I left after 2 weeks. Got my 1000 deposit back. Still use the uniform when working on my bike!

    Now I'm working for DX and they are getting as bad. I came there a year or so ago from DHL International when they phased out Owner Drivers and at first all was well. Now the days are longer, you're almost forced to take extra drops from the Freight side (formerly Nightfreight) that DX bought out as they are a shower of sh!t - yesterday I had to take 2 flat pack beds to residential addresses on my way home as the lorry driver left them behind for 2 days running. I could have said no....but I would have had my parcels scanned last the following day as "punishment". If you don't scratch their back, you'll pay for it. I've lost count of the "favours" I've done them and not been paid for - if you are truly self employed I believe you should be able to set your rate and if they don't want to pay it you don't do the work. Not here. They took 25% or our day rate for the 5 days from Xmas Eve until the New Year as it was quiet.........but we still had to go to the same delivery places but with less parcels, so the fuel and mileage was the same! Oh....and we didn't find out about it until we got our invoices a week later - nobody bothered to tell us in advance it was happening.

    When you complain the stock reply is "CityLink have gone bust and we have a waiting list of drivers wanting a job, so leave if you want to".

    Really makes me feel loved.........

    In summary - being self employed can be good but there are so many pitfalls, I wish I'd trained as a plumber instead.....
  • MarkPVine
    I am currently a owner driver franchise with DPD and your stop does depend on area and volume also whether it a business to business route or a business to customer route everything one is different as my stop rate is totally different to my sons who also is a franchise basically it's done to earn you 30k which you then have to pay your own tax and national insurance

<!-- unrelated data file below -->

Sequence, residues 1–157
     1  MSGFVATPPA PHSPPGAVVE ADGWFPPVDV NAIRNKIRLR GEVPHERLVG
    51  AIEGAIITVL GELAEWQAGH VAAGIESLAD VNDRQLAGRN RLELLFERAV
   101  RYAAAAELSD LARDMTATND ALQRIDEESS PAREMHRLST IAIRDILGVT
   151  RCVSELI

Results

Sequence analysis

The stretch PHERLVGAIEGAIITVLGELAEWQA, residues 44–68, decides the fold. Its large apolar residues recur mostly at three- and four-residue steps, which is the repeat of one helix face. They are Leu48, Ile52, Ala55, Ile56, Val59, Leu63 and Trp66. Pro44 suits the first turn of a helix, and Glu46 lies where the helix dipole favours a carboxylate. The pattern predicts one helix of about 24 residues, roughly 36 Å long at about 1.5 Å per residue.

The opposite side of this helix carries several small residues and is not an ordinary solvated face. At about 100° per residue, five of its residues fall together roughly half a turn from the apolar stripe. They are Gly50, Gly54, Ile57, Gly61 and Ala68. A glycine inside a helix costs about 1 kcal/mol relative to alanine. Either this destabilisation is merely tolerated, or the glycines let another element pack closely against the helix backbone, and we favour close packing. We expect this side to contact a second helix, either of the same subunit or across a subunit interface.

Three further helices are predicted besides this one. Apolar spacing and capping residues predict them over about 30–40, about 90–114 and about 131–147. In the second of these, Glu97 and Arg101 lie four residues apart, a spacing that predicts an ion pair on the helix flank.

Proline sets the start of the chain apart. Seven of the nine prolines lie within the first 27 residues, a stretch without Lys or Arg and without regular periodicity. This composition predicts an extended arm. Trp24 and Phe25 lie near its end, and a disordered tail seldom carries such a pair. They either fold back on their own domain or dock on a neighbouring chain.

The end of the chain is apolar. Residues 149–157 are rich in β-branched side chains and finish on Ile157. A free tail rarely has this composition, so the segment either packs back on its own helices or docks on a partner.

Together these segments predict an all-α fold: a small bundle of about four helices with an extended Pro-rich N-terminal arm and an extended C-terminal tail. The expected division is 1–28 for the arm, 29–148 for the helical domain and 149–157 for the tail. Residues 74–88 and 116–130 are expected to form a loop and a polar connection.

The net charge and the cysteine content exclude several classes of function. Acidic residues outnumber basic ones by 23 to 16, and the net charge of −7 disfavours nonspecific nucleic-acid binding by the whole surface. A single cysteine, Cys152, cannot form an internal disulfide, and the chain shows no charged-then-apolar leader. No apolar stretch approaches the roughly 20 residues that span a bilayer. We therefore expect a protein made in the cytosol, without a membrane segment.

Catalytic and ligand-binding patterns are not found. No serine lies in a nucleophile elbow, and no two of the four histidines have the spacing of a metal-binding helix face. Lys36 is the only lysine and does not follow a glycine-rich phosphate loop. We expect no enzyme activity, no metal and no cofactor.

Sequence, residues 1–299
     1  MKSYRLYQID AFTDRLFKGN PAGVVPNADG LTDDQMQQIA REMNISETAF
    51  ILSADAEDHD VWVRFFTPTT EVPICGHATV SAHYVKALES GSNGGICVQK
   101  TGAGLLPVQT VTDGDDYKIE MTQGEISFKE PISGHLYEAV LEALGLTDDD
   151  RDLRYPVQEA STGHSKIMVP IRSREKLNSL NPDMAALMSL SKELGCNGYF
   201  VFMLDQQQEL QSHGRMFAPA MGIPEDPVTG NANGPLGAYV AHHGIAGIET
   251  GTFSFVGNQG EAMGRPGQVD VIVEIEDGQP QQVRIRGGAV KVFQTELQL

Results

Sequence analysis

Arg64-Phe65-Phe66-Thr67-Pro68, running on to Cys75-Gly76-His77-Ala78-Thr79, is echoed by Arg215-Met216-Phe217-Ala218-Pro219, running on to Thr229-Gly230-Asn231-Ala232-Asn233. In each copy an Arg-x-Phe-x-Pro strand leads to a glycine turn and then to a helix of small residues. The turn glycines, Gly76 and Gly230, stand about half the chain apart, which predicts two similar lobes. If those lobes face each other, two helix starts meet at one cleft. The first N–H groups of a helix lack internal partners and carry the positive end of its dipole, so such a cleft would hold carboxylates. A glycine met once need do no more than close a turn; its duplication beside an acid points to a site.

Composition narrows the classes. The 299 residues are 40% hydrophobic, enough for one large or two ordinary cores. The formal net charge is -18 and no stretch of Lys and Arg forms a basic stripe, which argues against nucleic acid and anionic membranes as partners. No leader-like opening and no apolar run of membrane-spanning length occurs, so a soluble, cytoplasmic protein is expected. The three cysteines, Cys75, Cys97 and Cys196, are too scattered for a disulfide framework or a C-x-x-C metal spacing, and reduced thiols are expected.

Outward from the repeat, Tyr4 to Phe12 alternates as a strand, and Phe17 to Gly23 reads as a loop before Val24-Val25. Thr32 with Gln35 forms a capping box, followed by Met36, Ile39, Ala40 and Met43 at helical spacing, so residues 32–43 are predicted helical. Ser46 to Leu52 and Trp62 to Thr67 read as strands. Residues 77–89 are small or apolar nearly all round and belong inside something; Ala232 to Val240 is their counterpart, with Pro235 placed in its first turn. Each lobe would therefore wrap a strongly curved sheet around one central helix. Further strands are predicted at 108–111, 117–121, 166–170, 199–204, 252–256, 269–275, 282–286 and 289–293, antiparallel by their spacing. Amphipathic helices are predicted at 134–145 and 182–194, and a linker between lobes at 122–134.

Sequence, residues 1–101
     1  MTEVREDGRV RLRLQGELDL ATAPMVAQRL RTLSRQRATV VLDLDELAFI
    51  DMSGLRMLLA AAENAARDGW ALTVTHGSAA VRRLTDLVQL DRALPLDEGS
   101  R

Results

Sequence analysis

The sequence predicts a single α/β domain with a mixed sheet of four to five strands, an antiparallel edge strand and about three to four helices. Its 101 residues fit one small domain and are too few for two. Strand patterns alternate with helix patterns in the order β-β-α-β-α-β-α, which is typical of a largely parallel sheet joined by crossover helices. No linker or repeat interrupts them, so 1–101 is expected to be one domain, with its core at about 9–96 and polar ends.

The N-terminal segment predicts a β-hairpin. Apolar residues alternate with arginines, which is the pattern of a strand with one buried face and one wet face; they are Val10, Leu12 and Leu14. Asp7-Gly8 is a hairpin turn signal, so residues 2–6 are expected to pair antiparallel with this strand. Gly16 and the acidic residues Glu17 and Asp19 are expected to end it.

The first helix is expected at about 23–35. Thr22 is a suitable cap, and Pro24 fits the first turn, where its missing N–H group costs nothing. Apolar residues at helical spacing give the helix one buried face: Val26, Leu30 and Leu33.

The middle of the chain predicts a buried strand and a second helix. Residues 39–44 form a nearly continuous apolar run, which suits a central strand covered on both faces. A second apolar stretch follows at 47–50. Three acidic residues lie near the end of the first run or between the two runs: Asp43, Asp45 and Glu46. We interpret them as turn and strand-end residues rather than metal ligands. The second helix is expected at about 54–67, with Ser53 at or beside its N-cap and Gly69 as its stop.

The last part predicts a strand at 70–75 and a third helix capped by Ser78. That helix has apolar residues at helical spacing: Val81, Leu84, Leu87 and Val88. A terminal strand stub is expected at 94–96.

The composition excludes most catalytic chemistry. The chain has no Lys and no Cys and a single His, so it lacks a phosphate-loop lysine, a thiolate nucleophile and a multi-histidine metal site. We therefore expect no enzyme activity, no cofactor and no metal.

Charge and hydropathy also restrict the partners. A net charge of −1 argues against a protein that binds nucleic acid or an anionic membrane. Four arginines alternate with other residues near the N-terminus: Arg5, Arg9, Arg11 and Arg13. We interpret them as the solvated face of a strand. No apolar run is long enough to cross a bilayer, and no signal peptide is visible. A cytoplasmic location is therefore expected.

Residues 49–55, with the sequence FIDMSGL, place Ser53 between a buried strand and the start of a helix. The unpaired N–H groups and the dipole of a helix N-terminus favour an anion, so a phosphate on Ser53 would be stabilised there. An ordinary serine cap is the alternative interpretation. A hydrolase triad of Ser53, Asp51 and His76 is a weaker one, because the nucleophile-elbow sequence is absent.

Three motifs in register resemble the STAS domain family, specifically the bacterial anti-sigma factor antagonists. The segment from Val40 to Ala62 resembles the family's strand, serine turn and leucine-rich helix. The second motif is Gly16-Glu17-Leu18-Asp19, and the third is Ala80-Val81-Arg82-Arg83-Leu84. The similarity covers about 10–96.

• samb77
    • By samb77 1st Jun 15, 2:56 PM
    • 1 Posts
    • 0 Thanks
    Good reply
    Thank goodness someone has told it from personal experience and not hearsay. I am a self employed gardener and enjoy being my own boss. Although, I have been looking at changing career path, as gardening work is mainly seasonal and I need something more stable and all year round. Your reply has answered most of my questions about working for courier companies.
  • Biola
    About dpd
    I'm interested in the owner driver franchisee. Can you please put me through?
  • Biola
    About dpd
    Can you please put me through the owner driver franchisee at dpd. I'm intetested
    • tykesi
    • By tykesi 19th Jun 15, 10:43 AM
    • 1,943 Posts
    • 2,725 Thanks
    Can you please put me through the owner driver franchisee at dpd. I'm intetested
    Originally posted by Biola
    What are you on about?
    • keepcalmandstayoutofdebt
    • By keepcalmandstayoutofdebt 19th Jun 15, 10:59 AM
    • 3,860 Posts
    • 2,025 Thanks
    I'm interested in the owner driver franchisee. Can you please put me through?
    Originally posted by Biola

    Not that hard to find

    The last helpful poster offering to advise hasn't logged on to this 'forum' since 27-9-14 so why not go direct and form your own opinion
    Not leaving my 'childhood' Home without a fight
    • Chris Carson
    • By Chris Carson 23rd Sep 15, 2:59 PM
    • 2 Posts
    • 1 Thanks
    Chris Carson
    It's too good to be true...Pinch of salt stuff...
    Anyone who's done multi drop work knows full well it's a minimum 12 hour day for very little earnings. Rather than just give you a job, where most sensible people soon realise it's slave labour and start thinking about leaving for the sake of their sanity, they lock you in with a franchise.

    Parcel Force offer the same deal, and I was lucky enough to compare notes with my ParcelForce driver about his diabolical work rate, that was making him very ill through stress and fatigue. His only saviour was his wife who gave up her job to come with him in the van to help out. He drove, she did the leg work. It was the only way he could do the job, although the two together still only earned one wage and they were worse off than when she had her own job.

    As someone said earlier, it all depends on whether it's business to business or business to customer (customers are too time consuming) and how far you have to travel between drops. If you've been stuck with a rural route, and the chances are you will, it's a long way between drops. If it's a close knit city route where the drops are relatively close to each other, then there's not too many worries. But the chances of getting one of those tidy little numbers is almost zero to nil. Five minutes here and there soon turn into wasted hours, especially when you're stuck in traffic. You can bet your bottom dollar, all the best routes have been snapped up a very long time ago, and you get stuck with the crap nobody else wants. The new boy gets stuck with it, and when you complain it falls on deaf ears, because they've already got their own asses covered and want to keep it that way.